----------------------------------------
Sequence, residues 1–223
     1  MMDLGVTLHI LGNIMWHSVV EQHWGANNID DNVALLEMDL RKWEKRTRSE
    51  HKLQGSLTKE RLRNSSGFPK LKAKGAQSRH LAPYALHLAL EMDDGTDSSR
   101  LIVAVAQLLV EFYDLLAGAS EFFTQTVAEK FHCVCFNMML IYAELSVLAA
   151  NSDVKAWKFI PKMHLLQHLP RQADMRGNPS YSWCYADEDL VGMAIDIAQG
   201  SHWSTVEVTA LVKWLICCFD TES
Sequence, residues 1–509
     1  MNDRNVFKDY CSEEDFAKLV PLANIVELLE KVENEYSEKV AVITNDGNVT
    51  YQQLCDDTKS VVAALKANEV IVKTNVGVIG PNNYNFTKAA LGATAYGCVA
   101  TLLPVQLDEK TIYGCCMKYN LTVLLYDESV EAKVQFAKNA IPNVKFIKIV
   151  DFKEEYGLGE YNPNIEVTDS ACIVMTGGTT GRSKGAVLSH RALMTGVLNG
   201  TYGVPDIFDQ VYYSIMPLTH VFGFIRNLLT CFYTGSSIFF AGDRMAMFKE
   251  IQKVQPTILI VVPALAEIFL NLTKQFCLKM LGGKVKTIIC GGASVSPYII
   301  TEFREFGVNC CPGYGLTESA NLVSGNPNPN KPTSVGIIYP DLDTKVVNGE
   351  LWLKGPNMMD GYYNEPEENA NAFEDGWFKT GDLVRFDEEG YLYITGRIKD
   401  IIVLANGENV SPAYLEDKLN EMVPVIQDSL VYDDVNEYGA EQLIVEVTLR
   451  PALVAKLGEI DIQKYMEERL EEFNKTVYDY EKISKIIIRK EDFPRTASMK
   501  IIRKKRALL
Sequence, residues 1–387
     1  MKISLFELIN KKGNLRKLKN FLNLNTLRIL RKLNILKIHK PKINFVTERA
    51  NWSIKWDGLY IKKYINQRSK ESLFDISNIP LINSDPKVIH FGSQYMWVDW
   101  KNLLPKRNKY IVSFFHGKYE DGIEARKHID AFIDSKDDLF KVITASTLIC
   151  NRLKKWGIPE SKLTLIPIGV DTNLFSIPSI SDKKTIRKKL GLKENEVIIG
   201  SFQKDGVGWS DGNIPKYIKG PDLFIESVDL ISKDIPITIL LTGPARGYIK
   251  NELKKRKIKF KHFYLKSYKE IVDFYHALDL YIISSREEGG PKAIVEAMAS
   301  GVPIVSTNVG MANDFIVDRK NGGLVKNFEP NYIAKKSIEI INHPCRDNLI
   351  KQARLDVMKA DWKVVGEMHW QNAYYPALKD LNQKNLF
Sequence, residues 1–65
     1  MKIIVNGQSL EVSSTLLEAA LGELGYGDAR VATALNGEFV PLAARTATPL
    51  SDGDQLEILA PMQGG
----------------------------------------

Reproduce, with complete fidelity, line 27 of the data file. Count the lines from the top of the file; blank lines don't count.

   351  KQARLDVMKA DWKVVGEMHW QNAYYPALKD LNQKNLF